Astronomical union consults MS spellchecker on pluton?

Nature is reporting that Owen Gingerich, head of the International Astronomical Union (IAU) consulted the Microsoft Word and the WordPerfect spellcheckers to help gauge how common the term pluton is.  Pluton, of course, is the new term proposed by the IAU for celestial bodies which aren’t quite planets.  But it was also already a technical term used by geologists for a kind of igneous rock formation.  Here’s what the Nature article said:

“Since the term is not in the MS Word or the WordPerfect spell checkers, we thought it was not that common,” Gingerich wrote in an e-mail to The geologic definition of the word does appear in common dictionaries, including the Oxford English.

“Pluton” is indeed not included in the last version of the Office spellchecker.  Nor is it due to be in the next version, at this point (but that could change if the newly proposed usage makes the term a lot more common).  Why not?  Essentially because a spellchecker is not meant to be an exhaustive list of all the correctly-spelled words in a given language.  A spellchecker is primarily a tool to help people spell better.  We’ve already mentioned one reason why we might deliberately exclude certain words from the spellchecker: sometimes a word is rare enough that when a user types it, it’s more likely to be an error than not.  Of course, that can all change in a heartbeat when an international scientific body decides to start using an old word in a new way.  Will pluton catch on?  We’ll be keeping our eyes peeled.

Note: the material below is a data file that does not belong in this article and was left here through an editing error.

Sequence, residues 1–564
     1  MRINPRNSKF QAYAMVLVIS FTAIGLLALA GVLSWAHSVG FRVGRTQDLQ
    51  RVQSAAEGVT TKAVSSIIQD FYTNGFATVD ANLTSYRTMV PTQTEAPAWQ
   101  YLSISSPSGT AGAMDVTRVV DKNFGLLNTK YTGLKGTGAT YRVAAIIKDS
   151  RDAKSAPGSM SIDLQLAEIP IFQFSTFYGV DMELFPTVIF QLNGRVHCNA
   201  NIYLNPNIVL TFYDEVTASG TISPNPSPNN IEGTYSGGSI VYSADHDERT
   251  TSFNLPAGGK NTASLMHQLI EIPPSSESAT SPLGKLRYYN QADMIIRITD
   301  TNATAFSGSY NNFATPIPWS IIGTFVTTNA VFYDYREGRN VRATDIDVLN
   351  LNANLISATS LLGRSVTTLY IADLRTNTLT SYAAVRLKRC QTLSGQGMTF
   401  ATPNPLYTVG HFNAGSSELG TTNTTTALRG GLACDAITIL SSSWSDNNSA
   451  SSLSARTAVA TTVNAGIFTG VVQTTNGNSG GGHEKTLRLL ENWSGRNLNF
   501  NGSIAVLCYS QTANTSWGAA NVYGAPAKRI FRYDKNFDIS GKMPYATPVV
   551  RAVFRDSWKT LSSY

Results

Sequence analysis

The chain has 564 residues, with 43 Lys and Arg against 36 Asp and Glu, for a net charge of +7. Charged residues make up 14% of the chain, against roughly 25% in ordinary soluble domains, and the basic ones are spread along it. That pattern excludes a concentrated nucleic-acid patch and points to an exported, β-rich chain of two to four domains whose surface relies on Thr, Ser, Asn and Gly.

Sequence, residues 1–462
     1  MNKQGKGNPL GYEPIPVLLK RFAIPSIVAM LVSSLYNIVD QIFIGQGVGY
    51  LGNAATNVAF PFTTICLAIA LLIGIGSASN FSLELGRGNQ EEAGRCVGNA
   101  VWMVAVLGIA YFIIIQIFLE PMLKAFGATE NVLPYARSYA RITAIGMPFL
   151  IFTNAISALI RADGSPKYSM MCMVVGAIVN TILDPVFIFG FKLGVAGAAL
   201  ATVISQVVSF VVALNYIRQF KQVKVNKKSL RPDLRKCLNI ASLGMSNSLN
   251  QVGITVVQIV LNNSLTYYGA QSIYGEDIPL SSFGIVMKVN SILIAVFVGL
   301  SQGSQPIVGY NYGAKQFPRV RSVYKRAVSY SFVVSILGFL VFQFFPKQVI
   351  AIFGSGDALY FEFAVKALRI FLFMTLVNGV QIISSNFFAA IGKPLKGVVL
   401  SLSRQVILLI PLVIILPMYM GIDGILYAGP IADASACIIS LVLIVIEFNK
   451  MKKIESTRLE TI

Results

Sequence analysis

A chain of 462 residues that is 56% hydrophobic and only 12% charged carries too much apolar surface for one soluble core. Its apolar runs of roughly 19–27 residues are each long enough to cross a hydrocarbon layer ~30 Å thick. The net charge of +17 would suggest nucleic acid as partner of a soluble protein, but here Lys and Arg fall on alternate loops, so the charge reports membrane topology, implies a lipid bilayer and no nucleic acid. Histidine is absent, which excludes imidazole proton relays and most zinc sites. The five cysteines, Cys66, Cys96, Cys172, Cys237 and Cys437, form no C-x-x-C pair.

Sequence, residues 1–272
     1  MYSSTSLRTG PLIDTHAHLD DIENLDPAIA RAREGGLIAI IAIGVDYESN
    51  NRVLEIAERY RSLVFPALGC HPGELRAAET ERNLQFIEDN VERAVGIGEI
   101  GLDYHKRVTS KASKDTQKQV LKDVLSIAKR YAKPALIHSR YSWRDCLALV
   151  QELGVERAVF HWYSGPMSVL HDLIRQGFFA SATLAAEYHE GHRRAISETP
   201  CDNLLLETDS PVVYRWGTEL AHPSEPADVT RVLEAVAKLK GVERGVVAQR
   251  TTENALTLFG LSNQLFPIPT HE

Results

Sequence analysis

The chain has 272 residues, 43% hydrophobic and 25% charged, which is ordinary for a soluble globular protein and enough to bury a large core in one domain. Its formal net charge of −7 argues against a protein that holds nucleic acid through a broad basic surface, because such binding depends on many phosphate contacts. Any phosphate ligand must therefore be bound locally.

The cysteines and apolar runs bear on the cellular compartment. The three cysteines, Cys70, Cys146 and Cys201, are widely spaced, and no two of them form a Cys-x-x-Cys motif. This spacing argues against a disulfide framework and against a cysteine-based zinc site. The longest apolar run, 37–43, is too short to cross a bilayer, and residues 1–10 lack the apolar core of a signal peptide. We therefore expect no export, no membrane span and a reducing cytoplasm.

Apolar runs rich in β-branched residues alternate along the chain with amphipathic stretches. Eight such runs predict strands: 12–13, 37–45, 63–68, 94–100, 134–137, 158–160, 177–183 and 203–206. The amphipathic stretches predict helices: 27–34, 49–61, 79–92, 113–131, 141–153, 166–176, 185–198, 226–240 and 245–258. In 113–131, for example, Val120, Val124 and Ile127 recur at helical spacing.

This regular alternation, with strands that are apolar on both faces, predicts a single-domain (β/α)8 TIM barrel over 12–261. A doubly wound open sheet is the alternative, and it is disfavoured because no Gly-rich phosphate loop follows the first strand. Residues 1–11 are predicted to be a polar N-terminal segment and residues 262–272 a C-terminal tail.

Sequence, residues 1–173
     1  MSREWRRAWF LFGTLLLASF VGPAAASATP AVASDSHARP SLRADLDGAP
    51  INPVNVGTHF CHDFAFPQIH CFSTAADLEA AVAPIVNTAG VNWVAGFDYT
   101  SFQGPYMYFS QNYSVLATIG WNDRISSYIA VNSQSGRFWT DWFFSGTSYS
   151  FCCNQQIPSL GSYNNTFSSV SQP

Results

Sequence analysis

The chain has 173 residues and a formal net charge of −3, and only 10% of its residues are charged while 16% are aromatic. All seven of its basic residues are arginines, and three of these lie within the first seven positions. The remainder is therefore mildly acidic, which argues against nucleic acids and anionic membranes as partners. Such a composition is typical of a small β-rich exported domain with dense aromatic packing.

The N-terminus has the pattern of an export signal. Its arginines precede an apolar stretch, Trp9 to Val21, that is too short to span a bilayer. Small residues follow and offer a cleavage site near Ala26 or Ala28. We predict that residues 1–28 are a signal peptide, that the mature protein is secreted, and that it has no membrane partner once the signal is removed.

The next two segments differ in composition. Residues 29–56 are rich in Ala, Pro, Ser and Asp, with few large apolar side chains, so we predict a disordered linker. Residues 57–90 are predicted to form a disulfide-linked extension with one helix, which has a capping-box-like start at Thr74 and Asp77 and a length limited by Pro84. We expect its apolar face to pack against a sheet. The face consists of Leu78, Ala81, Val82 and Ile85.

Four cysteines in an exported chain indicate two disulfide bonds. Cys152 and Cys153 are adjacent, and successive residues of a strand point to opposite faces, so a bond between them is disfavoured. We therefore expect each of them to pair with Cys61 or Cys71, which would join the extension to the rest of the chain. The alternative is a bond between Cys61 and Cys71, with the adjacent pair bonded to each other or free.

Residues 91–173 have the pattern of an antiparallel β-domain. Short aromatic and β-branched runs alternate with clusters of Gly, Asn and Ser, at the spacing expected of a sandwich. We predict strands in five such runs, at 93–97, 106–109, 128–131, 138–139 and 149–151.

— James Lyle (Test Lead)

Comments (1)

  1. MSDN Archive says:

    In French, the name of the planet is Pluton, in fact (with ‘n’). The geological meaning also exists and corresponds to the lower-case version of the word ("un pluton"). Our French Office speller accepts both forms (lower and upper case). Interestingly, this word is attracting *a lot* of attention these days because the IAU has just announced that “Pluton” (French version of Pluto) is no longer considered a planet; this made the headlines in many newspapers this morning, in fact (including one of my favorite Belgian newspapers: : “Pluton n’est plus une planète!” (= Pluto is no longer a planet). A real revolution for people who are interested in astronomy.

    Thierry Fontenelle